Thursday, August 3

Thinking about teachers and education and such

I was thinking earlier. You see, that's why I'm making a post. I thought some thoughts and found them to be of some value, something others might enjoy. Thus, I write now.

Anyway, Nietzsche wrote something along the lines of "Teachers are a necessary evil." That's wrong actually. He wrote in German and it was probably closer to "Lehrer sind ein notwendiges Übel (courtesy of seeing as how my German vocabulary isn't extensive enough to come up with that line on my own, and I lack Nietzsche in German (not that I'd know where to look for it))." This is important though because I read an article through Arts & Letters Daily about folk science and how we as humans generally screw up science because of our limited perspective. At some point, the writer brought up heliocentricty and the earth as a globe as things we don't realize on our own. I know that. Those facts were ground into me in most every science book and I ever read and more than a few history books as well. The problem is I've never proven these for myself. I've been told that these are so, but I've never done the calculations, the figuring that proves them. How do I know for certain that these are true, and I'm not being mislead? I guess I don't. I could be living in some boring rip-off of The Truman Show, and everyone wants to know what ludicrous notion I'll swallow next.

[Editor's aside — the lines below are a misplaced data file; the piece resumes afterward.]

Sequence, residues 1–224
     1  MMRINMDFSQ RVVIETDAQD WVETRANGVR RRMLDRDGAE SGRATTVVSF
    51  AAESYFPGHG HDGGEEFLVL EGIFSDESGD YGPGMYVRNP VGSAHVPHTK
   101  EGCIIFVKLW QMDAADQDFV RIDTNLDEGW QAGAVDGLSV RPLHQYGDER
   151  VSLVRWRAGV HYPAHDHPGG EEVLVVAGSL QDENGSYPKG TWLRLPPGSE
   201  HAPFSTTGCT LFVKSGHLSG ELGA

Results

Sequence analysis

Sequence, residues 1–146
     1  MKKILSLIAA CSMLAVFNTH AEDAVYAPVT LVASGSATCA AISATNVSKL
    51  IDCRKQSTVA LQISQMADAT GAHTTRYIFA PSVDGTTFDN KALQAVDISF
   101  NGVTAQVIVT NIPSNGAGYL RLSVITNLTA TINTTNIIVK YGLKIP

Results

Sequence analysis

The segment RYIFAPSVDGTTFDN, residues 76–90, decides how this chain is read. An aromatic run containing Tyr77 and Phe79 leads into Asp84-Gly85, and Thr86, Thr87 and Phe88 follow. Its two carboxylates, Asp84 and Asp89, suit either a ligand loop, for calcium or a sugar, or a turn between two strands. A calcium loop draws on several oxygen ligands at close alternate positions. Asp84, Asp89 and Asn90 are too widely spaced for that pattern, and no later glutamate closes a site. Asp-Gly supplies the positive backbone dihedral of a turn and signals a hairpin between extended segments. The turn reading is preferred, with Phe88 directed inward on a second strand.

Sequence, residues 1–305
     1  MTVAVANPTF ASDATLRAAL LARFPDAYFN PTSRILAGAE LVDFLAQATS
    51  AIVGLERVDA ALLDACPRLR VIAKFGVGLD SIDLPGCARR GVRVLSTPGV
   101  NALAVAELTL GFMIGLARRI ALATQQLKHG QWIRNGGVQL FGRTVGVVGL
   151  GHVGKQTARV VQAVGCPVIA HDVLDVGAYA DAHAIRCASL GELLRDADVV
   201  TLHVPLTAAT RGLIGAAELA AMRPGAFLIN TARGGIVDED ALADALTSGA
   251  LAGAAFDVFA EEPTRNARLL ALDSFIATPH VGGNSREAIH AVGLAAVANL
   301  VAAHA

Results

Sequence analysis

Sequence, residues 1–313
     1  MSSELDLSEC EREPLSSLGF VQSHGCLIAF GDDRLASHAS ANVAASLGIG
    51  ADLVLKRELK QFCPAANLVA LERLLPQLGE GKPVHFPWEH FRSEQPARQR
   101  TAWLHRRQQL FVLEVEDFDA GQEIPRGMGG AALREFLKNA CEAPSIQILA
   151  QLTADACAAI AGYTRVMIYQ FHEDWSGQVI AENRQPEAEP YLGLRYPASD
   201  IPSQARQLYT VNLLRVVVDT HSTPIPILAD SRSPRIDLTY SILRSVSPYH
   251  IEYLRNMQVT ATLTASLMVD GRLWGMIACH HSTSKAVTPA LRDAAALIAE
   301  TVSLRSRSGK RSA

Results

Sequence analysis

I guess that's what labs like dissection and those that allow you to calculate acceleration due to gravity are for. They give us the opportunity to see that these are real. The problem with those, though, is that the students know what is supposed to happen, what results the teacher wants to see, and we, at least my friends and I in high school, fudged like mad. We accepted the established results even though our own results differed.

To quote another notable dead white man, Newton said (more likely wrote but whatever), "If I've seen farther than others its because I've stood on the shoulders of giants." The only way we can make significant progress is by building on the previous works of others. If everyone had to start off from the beginning, observing nature and working out gravity and whatever else, we as humans would not be at the level we are today. Then again, if one of these giants people are scrambling up today made some fundamental mistake, a whole lot of time would be lost in the development of a different approach to that particular field.

My history professor last semester backs Newton up against Nietzsche. He said something that I remember as, "You don't just give some chemistry set to a kid and say, 'Have fun!'" If I remember right, this is taken more than a bit out of context. He was drawing a comparison on whether ethics and morality should be taught to children when he delivered that line. Still works. Teachers are very necessary, both to overall progress and to safety.

Then again, I am more than likely reading Nietzsche a bit shallowly here and could be blasted off this planet by someone with a better background than I in his writings.

What was this post about? The fun one can have in comparing quotes, I guess. I should do this again sometime.

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